When South Korean Foreign Minister Kang Kyung-wha said on Wednesday her government was thinking about lifting some sanctions on North Korea, there were fears even a purely symbolic gesture along those lines could weaken the international coalition allied against North Korea’s nuclear missile program.
The Wall Street Journal on Friday published a lengthy article about the “new Cold War era with China,” relating a number of tense incidents that explain why so many Trump administration officials are sounding alarms about the Chinese.
Chinese officials announced on Friday that Japanese Prime Minister Shinzo Abe will visit China from October 25 - 27, in concert with the 40th anniversary of the “Treaty of Peace and Friendship” signed by the two nations.
Chinese telecom company Transsion has not sold a single phone in China, but it beat out heavyweight competitors like Samsung and Apple to quietly dominate the African smartphone market, a CNN report revealed Wednesday.
A bipartisan group of senators wrote to the White House on Wednesday invoking the Global Magnitsky Human Rights Accountability Act to demand an investigation into the disappearance of journalist Jamal Khashoggi and possible sanctions against Saudi Arabia.
Over a dozen Hong Kong lawmakers staged a protest in the legislature on Wednesday, chanting “Protect press freedom!” and holding up placards reading “Free Press, No Persecution,” until security guards escorted them from the chamber.
An explosive report published by Bloomberg Businessweek on Thursdayclaimed the Chinese military sabotaged circuit boards used by dozens of major American companies and government contractors by implanting a tiny chip that gave the People’s Liberation Army backdoor access to supposedly secure systems.
South Korea’s Yonhap News on Monday noticed North Korea’s state-run newspaper Rodong Sinmun lavishing extraordinary praise on China’s ‘Belt and Road’ initiative, an international infrastructure program China has invested a great deal of pride and money in.
Russian Foreign Minister Sergey Lavrov told the U.N. General Assembly on Friday that Russia desires a multilateral world of peace and respectful negotiation, but its aspirations are thwarted by the heavy-handed tactics of the United States, which is clinging to its global hyperpower status with a white-knuckled grip.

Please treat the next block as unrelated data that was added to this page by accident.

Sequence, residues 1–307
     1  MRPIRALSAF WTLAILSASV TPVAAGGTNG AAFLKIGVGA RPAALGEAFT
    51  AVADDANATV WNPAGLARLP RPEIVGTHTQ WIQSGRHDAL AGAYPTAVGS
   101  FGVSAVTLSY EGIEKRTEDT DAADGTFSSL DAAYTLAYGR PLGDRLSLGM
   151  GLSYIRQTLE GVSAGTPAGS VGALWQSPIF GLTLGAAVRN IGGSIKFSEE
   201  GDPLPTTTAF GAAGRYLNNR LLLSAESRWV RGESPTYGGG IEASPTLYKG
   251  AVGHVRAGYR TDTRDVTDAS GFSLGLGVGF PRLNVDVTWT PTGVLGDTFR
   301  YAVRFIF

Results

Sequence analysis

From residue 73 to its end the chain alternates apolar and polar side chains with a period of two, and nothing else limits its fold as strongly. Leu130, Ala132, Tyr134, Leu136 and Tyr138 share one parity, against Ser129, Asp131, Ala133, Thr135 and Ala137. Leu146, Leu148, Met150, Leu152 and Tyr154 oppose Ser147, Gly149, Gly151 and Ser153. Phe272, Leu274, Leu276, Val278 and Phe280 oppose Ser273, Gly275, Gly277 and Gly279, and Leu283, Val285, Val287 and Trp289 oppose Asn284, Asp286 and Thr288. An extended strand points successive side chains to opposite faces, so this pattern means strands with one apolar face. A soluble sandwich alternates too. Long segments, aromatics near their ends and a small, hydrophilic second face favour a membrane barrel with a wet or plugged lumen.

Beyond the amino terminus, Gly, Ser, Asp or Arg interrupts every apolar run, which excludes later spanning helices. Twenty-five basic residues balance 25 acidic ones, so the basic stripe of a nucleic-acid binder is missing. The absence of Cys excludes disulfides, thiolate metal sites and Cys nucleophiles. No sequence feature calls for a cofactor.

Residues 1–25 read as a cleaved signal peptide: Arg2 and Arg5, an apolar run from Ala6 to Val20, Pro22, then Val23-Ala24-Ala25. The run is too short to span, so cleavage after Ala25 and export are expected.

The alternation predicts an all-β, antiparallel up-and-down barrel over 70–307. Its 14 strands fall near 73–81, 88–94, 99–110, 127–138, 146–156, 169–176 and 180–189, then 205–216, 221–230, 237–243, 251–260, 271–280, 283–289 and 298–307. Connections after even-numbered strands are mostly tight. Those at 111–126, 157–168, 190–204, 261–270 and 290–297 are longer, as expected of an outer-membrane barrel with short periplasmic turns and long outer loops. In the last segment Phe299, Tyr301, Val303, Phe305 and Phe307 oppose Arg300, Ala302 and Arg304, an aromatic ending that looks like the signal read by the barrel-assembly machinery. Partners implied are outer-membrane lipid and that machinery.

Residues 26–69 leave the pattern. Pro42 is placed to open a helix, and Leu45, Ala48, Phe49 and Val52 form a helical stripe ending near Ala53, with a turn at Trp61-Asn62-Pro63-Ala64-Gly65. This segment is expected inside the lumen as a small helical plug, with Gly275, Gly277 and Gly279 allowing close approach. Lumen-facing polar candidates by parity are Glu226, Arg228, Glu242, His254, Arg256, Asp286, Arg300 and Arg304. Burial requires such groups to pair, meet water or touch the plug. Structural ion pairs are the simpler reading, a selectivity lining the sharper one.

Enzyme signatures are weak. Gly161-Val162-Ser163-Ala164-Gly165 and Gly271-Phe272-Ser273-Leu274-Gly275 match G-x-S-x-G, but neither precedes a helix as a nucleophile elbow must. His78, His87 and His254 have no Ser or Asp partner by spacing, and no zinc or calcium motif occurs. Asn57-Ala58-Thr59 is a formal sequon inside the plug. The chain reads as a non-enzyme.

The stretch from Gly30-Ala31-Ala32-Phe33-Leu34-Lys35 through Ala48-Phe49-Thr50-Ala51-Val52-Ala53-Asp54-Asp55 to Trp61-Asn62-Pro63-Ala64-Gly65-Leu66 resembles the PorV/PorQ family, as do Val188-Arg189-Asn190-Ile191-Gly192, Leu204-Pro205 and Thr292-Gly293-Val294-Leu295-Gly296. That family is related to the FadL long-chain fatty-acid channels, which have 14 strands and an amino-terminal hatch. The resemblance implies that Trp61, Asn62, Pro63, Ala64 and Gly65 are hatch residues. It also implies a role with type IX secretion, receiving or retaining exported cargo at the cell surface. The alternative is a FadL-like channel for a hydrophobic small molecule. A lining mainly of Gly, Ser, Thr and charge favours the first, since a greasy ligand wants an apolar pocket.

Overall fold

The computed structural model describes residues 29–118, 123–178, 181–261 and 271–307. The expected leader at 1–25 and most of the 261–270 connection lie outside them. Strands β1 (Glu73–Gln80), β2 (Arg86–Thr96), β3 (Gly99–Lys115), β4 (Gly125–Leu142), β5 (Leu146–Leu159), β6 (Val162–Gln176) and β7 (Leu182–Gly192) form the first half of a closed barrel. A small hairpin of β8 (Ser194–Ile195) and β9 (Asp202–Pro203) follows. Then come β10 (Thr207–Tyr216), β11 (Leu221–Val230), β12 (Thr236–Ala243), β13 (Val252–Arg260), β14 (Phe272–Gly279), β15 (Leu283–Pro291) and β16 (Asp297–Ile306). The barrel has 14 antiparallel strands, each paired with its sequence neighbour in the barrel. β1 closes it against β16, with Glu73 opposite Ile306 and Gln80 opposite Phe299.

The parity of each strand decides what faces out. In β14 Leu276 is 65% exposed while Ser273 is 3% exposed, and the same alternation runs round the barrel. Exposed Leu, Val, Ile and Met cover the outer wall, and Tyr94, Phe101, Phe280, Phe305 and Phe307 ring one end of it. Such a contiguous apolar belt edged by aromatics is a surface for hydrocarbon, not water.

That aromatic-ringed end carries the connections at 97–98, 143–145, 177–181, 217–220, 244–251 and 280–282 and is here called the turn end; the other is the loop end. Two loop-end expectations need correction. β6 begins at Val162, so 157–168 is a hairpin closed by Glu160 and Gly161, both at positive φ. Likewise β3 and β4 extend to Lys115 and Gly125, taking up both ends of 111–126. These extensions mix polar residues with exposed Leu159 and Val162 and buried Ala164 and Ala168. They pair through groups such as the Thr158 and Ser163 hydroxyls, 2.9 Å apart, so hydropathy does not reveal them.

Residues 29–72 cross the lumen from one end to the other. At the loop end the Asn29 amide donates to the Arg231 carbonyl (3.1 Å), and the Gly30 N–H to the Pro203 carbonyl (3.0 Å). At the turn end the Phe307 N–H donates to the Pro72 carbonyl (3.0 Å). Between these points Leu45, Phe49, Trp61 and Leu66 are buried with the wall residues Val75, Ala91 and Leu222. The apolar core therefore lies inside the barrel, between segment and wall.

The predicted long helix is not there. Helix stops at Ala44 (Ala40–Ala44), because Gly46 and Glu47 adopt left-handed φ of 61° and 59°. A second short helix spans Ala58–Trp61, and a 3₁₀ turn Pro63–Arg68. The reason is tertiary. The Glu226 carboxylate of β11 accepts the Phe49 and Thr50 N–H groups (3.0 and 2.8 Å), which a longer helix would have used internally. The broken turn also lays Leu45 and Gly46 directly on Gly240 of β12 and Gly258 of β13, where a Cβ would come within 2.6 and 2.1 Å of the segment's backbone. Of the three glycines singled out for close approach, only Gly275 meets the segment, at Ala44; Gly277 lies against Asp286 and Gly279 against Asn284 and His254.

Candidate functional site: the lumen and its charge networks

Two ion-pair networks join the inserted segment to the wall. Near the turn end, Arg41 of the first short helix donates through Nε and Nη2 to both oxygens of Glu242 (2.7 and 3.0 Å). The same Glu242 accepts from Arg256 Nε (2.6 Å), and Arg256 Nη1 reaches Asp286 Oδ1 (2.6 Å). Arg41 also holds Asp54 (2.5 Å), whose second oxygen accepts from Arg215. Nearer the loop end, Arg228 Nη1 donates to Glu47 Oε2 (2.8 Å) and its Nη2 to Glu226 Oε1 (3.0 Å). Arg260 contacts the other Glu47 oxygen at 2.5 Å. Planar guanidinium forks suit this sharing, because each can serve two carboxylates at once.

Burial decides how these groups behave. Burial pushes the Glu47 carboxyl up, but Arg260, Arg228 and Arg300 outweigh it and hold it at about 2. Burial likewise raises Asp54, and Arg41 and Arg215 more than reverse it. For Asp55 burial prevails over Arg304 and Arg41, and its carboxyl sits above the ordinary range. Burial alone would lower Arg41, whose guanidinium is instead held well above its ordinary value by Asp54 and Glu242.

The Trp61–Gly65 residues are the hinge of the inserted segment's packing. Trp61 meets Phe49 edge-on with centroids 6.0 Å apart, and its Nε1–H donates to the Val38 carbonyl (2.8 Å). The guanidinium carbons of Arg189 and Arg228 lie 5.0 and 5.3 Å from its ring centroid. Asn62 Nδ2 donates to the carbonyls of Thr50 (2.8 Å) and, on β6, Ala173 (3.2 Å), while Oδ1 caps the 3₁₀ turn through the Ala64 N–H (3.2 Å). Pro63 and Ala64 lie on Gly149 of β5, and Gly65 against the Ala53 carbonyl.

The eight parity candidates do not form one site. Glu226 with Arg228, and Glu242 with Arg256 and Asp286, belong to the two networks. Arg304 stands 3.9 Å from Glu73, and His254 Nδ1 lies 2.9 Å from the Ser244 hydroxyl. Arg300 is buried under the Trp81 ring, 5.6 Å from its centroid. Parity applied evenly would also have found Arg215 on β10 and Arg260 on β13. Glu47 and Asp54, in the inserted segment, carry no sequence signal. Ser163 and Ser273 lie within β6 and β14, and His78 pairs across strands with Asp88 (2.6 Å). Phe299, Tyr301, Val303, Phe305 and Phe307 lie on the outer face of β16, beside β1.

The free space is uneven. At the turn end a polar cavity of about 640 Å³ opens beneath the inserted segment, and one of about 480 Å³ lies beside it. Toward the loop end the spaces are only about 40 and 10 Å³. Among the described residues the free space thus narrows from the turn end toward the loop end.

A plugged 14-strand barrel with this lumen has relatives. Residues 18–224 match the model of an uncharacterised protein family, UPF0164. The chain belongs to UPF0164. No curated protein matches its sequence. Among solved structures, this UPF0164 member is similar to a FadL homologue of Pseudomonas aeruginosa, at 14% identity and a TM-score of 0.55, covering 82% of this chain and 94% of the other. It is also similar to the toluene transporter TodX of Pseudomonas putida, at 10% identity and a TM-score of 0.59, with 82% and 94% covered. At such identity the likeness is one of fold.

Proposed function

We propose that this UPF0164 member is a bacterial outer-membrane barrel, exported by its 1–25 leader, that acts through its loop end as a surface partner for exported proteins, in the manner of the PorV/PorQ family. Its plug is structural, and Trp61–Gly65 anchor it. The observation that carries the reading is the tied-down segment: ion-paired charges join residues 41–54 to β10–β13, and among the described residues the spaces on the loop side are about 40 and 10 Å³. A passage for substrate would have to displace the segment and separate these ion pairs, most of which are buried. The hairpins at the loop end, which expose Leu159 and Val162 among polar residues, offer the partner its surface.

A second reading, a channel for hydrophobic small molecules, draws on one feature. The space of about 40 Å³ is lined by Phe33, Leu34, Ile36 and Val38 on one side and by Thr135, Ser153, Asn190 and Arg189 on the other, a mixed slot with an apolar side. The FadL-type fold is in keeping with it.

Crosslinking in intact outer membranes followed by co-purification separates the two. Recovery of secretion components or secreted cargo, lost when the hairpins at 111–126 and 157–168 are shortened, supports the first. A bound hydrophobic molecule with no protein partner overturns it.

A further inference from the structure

South Korean President Moon Jae-in arrived in New York on Sunday to attend the U.N. General Assembly and hold a bilateral summit meeting with U.S. President Donald Trump.
Japanese Prime Minister Shinzo Abe put doubts about his political future to rest on Thursday by winning an overwhelming victory over challenger Shigeru Ishiba for the leadership of the ruling Liberal Democratic Party, consolidating control of the party and all but ensuring another three-year term as leader of his country.
The Chinese government and its carefully controlled media professed extreme pleasure with the summit between South Korean President Moon Jae-in and North Korean dictator Kim Jong-un Wednesday, lavishing praise on the North Korean leader and gushing over the glimpse of North Korea’s “modern” and upscale capital city of Pyongyang.
North and South Korean military officials agreed on Wednesday to conduct joint searches for the remains of Korean War soldiers, the first such cooperative project undertaken since the end of the war in 1953.
At the annual Air, Space, and Cyber Conference on Monday, Air Force Secretary Heather Wilson unveiled a study showing the USAF will need to grow by about 25 percent over the next decade to meet growing threats from China and Russia.